GDP, or gross domestic product, is the most commonly recognised metric for measuring economic development of countries, but is it the best way? What are the alternatives? And is there a role for business to play a role in crafting new indicators? Robert Costanza from the Crawford School of Public Policy at the Australian National University and Rutger Hoekstra, from the Institute for Environment and Human Security of the United Nations University give their insights on GDP and its future.
Hoekstra: GDP is a pretty good measure if you want a measure of the economic development of a country. I think the real problem arose after the Second World War, when we started seeing this as a goal of society. So basically, if a country grows fast, we think that's good, and the government that oversees that growth is a good government. But I think everybody realizes that the real goals of human life and society are actually very different. I usually make a distinction with three goals. The first is wellbeing – are people happy on the planet at the moment? Are they meeting their basic needs? The second is sustainability – will future generations be able to meet their wellbeing needs? And the third is equity – within a country, is there a certain fairness in terms of distribution? By focusing all the time on GDP, we're not focusing on the real goals of our society. I think the real problem with GDP is not necessarily what it's measuring, but what it has become to our society.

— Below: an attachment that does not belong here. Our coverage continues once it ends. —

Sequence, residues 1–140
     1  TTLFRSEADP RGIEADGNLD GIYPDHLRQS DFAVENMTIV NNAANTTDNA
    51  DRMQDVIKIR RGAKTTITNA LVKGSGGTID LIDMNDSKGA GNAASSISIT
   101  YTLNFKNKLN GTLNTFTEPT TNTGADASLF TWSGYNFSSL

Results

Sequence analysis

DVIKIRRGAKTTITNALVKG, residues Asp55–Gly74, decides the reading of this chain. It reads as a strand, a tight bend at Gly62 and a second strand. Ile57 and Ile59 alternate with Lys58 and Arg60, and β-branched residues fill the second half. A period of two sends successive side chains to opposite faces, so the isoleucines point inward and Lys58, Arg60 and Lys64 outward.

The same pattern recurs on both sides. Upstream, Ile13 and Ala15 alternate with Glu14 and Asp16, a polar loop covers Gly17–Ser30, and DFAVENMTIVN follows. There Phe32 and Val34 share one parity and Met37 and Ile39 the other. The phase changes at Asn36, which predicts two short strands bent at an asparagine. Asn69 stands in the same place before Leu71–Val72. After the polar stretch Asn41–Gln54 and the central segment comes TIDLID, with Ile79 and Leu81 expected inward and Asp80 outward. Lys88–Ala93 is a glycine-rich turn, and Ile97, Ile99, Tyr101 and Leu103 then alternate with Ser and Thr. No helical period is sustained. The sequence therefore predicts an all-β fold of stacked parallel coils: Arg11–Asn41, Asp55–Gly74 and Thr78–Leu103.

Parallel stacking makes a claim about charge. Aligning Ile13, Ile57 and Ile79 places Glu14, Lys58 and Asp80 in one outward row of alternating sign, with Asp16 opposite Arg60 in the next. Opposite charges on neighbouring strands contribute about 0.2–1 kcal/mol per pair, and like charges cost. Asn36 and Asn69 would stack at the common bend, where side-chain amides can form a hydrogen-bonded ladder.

Costanza: GDP was never designed as a measure of societal progress, and so we have been misusing it for that purpose. As Simon Kuznets, who was one of the architects of GDP warned, “the welfare of a nation can scarcely be inferred from the measurement of national income, as defined by GDP.” I think that's where we got misled. After World War II, we had to get our economies going again. But times have changed, and now the limiting factors are no longer goods and services production. The limiting factors are natural capital and social capital. And our goals really should have been all along and should continue to be, the wellbeing of humans and the rest of nature and recognising our interdependence with the rest of nature. We need sustainability. We need equitable and fair distribution of wealth and resources. And we need efficient allocation of the resources that we do have. That means considering all of the things that contribute to our wellbeing, and that goes beyond the things that are traded in markets.